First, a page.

Sunday, June 24, 2018

O´Neill left frustrated by officials following Euro 2016 exit

SoccerNews in General Soccer News 25 Jun 2016


Michael O’Neill believes his Northern Ireland side were not helped by referee Martin Atkinson during their “cruel” 1-0 defeat to Wales in Euro 2016.

Gareth McAuley’s 75th-minute own goal ensured that it was Chris Coleman’s Wales that progressed into the quarter-finals on Saturday, with Northern Ireland’s tournament coming to an end.

However, despite the defeat O’Neill was delighted with the effort put in by his side.

“It hurts, it’s a very, very cruel way to lose the game. We didn’t deserve to lose the game,” he said in his post-match press conference.

“We felt if we kept [Gareth] Bale and [Aaron] Ramsey quiet, Wales would struggle to get momentum. We could have created more with our first-half dominance but we were fairly comfortable.

“When you’re a small nation without world-class players you have to be strong tactically and make yourselves difficult to beat. We’ve certainly done that.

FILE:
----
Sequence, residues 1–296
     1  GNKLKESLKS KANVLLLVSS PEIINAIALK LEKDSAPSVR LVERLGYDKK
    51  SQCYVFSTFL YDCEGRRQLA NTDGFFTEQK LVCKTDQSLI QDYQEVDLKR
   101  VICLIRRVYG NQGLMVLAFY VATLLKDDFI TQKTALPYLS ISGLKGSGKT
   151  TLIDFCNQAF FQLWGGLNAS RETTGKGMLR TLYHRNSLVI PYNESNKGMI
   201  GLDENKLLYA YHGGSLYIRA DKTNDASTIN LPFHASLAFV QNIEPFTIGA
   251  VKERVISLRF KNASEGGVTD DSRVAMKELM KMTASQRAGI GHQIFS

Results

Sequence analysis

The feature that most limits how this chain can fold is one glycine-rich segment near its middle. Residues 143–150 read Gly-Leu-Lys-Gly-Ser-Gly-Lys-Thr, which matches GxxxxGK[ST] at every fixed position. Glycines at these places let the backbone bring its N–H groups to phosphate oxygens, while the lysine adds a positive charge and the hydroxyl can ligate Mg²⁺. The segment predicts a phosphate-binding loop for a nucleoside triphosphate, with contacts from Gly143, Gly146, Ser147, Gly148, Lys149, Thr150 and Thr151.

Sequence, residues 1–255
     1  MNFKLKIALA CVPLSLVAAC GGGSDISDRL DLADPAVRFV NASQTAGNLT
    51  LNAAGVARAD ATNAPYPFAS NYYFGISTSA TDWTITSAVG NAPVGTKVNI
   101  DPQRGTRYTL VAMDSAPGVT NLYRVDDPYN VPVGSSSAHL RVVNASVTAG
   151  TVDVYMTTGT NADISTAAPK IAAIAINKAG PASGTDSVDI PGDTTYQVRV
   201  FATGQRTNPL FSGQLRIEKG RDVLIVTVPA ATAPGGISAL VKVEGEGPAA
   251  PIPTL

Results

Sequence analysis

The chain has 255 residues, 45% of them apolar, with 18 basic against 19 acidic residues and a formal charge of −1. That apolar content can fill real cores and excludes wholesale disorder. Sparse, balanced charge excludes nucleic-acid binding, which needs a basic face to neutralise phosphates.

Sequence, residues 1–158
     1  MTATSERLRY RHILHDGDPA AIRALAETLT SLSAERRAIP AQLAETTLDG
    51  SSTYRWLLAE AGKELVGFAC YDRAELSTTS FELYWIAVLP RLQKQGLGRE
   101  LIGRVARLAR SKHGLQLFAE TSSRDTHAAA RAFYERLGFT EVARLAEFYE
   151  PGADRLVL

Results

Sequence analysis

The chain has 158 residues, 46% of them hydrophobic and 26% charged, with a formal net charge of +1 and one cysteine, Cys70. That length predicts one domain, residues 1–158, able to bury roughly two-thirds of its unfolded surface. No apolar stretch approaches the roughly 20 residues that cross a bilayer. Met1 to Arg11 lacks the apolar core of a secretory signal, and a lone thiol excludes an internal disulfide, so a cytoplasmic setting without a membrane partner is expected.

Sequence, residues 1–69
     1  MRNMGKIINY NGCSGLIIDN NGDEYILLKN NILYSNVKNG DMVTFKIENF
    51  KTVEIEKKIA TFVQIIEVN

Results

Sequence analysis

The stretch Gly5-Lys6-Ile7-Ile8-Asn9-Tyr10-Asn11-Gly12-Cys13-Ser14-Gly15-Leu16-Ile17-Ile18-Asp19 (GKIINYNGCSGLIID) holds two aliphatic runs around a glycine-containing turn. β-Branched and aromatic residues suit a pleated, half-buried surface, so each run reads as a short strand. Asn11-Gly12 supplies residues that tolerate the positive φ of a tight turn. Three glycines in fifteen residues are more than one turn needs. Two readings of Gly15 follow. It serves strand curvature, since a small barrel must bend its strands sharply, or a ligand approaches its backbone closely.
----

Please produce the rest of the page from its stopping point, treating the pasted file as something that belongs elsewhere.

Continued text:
“I was disappointed towards the end in terms of the time-wasting and I felt the referee could have handled that better, but in terms of our display and how we played we couldn’t have asked any more of the players.”

During the second half, a collision between Wales team-mates Ashley Williams and Jonny Williams led to some confusion on the pitch, with the referee initially allowing play to continue to Northern Ireland’s advantage before changing his decision.

“The [Wales] dugout told Ashley Williams to lay down on the pitch,” said O’Neill. “The referee stopped the game and didn’t make Ashley Williams leave the pitch. It’s the first time I’ve seen that in my career.

“The referee’s assistant was very aware. He heard the instruction for Ashley Williams to sit down.

“So I don’t think four minutes injury time at the end was a fair reflection. We had six substitutes also in the game. I felt we deserved an extra couple of minutes to try and force an equaliser.”

A major factor in Northern Ireland’s rise to the forefront of Euro 2016 has been the fan-made chant for striker Will Grigg, who came into the tournament on the back of netting 20 league goals for Wigan Athletic in 2016.

But, in spite of the clamour for the 24-year-old to feature, he did not get a single minute under his belt, and O’Neill was quick to explain his decision.

“Will didn’t get the opportunity to play. He was really our fourth-choice striker,” he added.

“He’s a good young player and he’s got a bright future ahead of him but I don’t pick my team around what the fans sing at the game.”


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